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Encyclopedia > Marsilius of Padua

Marsilius of Padua (Italian Marsilio or Marsiglio da Padova; c. 1275 – c. 1342) was an Italian late medieval scholar. // April 22 - The first of the Statutes of Westminster are passed by the English parliament, establishing a series of laws in its 51 clauses, including equal treatment of rich and poor, free and fair elections, and definition of bailable and non-bailable offenses. ... Events May - Pope Clement VI elected John III Comnenus becomes emperor of Trebizond Louis becomes king of Sicily and duke of Athens Constantine IV becomes king of Armenia Patriarch of Antioch transferred to Damascus under Ignatius II Kitzbühel becomes part of Tyrol Louis I becomes king of Hungary Births...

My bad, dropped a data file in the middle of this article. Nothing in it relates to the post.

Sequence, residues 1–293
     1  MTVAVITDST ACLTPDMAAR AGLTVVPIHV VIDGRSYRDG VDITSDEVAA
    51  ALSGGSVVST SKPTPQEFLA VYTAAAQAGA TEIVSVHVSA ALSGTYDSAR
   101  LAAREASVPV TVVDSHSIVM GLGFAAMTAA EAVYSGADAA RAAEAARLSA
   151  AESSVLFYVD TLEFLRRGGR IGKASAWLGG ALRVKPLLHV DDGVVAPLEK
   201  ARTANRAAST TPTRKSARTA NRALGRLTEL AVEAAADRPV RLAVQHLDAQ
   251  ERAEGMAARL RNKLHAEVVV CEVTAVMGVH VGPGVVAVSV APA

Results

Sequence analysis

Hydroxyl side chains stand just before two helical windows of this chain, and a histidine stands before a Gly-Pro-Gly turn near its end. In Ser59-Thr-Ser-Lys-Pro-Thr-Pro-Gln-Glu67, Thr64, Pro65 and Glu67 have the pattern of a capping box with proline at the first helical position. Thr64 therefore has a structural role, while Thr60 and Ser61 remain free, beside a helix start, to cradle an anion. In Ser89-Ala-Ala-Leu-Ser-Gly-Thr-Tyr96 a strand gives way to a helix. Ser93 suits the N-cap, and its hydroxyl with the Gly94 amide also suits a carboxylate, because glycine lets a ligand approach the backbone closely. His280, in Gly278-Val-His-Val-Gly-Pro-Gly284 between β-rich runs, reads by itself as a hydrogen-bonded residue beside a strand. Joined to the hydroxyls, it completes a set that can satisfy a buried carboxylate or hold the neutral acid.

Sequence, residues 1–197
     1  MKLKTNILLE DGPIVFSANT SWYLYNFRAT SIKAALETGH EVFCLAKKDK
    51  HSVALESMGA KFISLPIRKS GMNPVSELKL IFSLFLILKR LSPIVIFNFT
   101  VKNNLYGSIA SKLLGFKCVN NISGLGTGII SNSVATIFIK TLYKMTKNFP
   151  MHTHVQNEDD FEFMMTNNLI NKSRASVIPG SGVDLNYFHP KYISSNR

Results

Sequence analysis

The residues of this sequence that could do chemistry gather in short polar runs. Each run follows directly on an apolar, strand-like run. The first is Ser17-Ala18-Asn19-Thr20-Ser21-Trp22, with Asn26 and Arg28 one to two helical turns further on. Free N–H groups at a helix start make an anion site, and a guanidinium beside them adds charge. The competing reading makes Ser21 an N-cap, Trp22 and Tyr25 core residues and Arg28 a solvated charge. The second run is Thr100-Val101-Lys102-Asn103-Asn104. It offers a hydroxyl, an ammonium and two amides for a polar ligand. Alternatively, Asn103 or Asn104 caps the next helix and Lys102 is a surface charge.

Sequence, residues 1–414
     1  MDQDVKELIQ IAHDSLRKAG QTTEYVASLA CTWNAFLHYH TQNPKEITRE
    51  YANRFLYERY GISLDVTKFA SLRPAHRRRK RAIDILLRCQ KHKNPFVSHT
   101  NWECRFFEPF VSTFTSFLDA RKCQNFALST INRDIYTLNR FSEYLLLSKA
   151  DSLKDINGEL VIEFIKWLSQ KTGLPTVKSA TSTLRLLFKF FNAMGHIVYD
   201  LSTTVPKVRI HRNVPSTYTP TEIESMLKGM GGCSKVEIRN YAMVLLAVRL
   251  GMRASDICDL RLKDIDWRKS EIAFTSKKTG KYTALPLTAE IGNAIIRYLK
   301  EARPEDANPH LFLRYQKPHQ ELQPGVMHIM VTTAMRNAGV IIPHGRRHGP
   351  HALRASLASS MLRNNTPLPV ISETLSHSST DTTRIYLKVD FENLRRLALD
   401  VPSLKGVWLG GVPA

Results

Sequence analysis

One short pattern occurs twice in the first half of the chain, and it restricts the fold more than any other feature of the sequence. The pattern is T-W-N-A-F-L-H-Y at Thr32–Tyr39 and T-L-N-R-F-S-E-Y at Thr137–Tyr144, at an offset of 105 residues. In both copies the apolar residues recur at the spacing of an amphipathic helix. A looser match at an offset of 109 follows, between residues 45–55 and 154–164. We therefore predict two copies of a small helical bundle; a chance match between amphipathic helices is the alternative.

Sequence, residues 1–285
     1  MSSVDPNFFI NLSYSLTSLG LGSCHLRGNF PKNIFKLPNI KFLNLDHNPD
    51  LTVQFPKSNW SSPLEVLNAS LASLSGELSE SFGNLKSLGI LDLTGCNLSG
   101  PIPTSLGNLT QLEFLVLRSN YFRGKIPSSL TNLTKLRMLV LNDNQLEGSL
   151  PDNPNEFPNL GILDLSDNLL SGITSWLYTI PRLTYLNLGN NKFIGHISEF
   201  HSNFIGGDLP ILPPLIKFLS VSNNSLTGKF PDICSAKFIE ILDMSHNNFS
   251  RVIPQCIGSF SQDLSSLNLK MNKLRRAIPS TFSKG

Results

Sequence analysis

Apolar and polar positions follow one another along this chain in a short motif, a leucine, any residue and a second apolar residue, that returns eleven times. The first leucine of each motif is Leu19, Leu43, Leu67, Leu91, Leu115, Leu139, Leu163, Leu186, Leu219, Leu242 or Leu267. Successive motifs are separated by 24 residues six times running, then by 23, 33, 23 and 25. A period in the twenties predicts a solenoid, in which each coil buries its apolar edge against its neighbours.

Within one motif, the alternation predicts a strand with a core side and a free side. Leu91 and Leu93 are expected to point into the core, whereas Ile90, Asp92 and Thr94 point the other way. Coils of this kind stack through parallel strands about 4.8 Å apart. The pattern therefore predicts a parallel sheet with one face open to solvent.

Born at Padua, Marsilius at first studied medicine in his own country. After practicing various professions, among others that of a soldier, he went to Paris about 1311. The reputation which he had gained in the physical sciences soon caused him to be raised to the position of rector of the university (for the first term of the year 1313). While still practicing medicine he composed the famous Defensor pacis (1324), one of the most extraordinary political and religious works which appeared during the Fourteenth century. A violent struggle had just broken out between Pope John XXII and Louis (Ludwig) IV the Bavarian, the imperial candidate at that time, and the latter, on being excommunicated and called upon to give up the empire, only replied to the pope’s threats with fresh provocations. Marsilius of Padua and John of Jandun, though they had both reason to be grateful for the benefits of John XXII, chose this moment to depart France for the German court. Marsilius - writing alone, not with John - set out to demonstrate, by arguments from reason and from authority the independence of the Empire from the Holy See, and the emptiness of the prerogatives “usurped” by the sovereign pontiffs—a demonstration naturally calculated to give him a claim on the gratitude of the German sovereign. Padua, Italy, (Italian: IPA: , Latin: Patavium, Venetian: ) is a city in the Veneto, northern Italy, the economic and communications hub of the region. ... This article is about the capital of France. ... Events Bolingbroke Castle passes to the House of Lancaster. ... The Sorbonne, Paris, in a 17th century engraving The historic University of Paris (French: ) first appeared in the second half of the 12th century, but was in 1970 reorganised as 13 autonomous universities (University of Paris I–XIII). ... Events Siege of Rostock ends Foundation year of the Order of the Rose Cross (Rosicrucian Order), according to the Rosicrucian Fellowship. ... The tract Defensor pacis (The Defender of Peace) laid the foundations of modern doctrines of sovereignty. ... Events Publication of Defensor pacis by Marsilius of Padua Mansa Kankan Musa I, ruler of the Mali Empire arrives in Cairo on his hajj or pilgrimage to Mecca. ... (13th century - 14th century - 15th century - more centuries) As a means of recording the passage of time, the 14th century was that century which lasted from 1301 to 1400. ... Pope John XXII, born Jacques Duèze or dEuse (1249 – December 4, 1334), was the son of a shoemaker in Cahors. ... Emperor Louis IV Louis IV of Bavaria (also known as Ludwig the Bavarian) of the House of Wittelsbach (1282 – October 11, 1347) was duke of Bavaria from 1294/1301 together with his brother Rudolf I, also count of the Palatinate until 1329 and, German king since 1314 and crowned as... John of Jandun (Jean de Jandun) (d. ...